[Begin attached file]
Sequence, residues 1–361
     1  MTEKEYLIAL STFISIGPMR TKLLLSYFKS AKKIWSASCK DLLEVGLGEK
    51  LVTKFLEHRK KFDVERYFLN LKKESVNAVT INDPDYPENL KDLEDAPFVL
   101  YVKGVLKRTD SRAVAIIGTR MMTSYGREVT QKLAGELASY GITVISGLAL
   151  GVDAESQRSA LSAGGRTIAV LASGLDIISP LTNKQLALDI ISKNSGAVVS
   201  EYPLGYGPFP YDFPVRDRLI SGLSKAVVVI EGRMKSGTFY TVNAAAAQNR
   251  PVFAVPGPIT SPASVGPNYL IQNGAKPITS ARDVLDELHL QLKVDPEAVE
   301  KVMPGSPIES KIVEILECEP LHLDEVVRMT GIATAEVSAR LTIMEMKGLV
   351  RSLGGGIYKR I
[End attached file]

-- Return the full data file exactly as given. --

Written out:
Sequence, residues 1–361
     1  MTEKEYLIAL STFISIGPMR TKLLLSYFKS AKKIWSASCK DLLEVGLGEK
    51  LVTKFLEHRK KFDVERYFLN LKKESVNAVT INDPDYPENL KDLEDAPFVL
   101  YVKGVLKRTD SRAVAIIGTR MMTSYGREVT QKLAGELASY GITVISGLAL
   151  GVDAESQRSA LSAGGRTIAV LASGLDIISP LTNKQLALDI ISKNSGAVVS
   201  EYPLGYGPFP YDFPVRDRLI SGLSKAVVVI EGRMKSGTFY TVNAAAAQNR
   251  PVFAVPGPIT SPASVGPNYL IQNGAKPITS ARDVLDELHL QLKVDPEAVE
   301  KVMPGSPIES KIVEILECEP LHLDEVVRMT GIATAEVSAR LTIMEMKGLV
   351  RSLGGGIYKR I